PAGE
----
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Mutual enjoyment and closeness are among the benefits when parents, grown children
and grandchildren farm or ranch side by side.
When two and three generations work closely on a farm or ranch, tensions over
a person’s need for privacy may result. Allowing grown children space to learn to
function as independent adults is imperative. The importance of defining individual
boundaries, traditions, activities and priorities, must be maintained.
Researchers have found that farm/ranch families with open communication, shared
decision making and long-range planning for normal family changes handle stress
better than those with closed communication, authoritarian decision-making and
day-to-day planning. Family members may need to improve their skills in reaching a
consensus. There are some time-tested methods of handling problems that may arise.
Begin problem solving by gathering the family and establishing a positive atmosphere,
free from interruptions. Help family members identify the specific problem at
hand and determine who can or should help in resolving it. For example, one person’s
behavior may be a problem to someone else because it is interfering in some tangible
way with another person completing a task.
Next, identify what each person involved in the problem really wants. As a group,
brainstorm all possible solutions. Decide who will do what, when and how. Make sure
each person is clear about his or her part of the agreement.
Then, put your plan into action on a trial basis, say for a month. Finally, meet again
after a month to figure out what worked and what did not. It may be necessary to try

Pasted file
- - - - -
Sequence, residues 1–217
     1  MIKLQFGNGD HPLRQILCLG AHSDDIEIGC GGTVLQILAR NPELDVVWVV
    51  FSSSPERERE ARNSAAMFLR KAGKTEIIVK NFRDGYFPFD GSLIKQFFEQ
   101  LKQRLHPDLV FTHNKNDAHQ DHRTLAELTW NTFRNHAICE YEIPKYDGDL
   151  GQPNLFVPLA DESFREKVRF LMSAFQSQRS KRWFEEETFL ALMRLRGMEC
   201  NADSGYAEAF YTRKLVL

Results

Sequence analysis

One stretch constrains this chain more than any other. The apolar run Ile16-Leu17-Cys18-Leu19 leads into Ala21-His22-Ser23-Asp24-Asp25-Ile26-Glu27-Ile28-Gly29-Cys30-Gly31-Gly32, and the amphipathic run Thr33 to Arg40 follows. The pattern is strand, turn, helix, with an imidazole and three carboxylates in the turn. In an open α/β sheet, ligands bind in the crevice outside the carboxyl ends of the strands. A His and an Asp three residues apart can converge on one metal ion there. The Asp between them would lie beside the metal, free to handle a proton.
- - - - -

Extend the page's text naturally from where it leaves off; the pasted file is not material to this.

another solution or adjust your current efforts.
Of course, minimizing problems is best. But achieving such harmony will take some
effort. Your family may find success by following these guidelines.
• Avoid “What if . . .” fantasies and “if it wasn’t for . . .” regrets. Think about what’s
happening now and focus on solutions.
• Ask for what you want directly: “What I’d like from you is . . .” Remember, the
other person is free to say yes or no. Foster respect and consideration for each other.
• Recognize and appreciate individuals for their contributions. If you feel you are
not getting enough attention or support, ask for it and explain what you need.
• Check what another person really wants from you. This is a good way to get expectations
out in the open.
• Check whether the other person heard you accurately. “Would you please tell me
what you heard me say?”
• Make your own traditions. Schedule an annual family get-together at a nearby lake
or go camping together. Get everyone involved. Organize an activity that all can enjoy
so that in the end, everybody feels good.
The togetherness of a multiple generation farm/ranch operation can be a source of
stress as well as satisfaction. By allowing people time and space to be themselves and
to do some things their way, each generation can establish its own independence while
maintaining close family ties.
This article was adapted from Colorado State University Extension by Nancy McDonald, Extension Project Specialist, Texas A&M AgriLife Extension Service.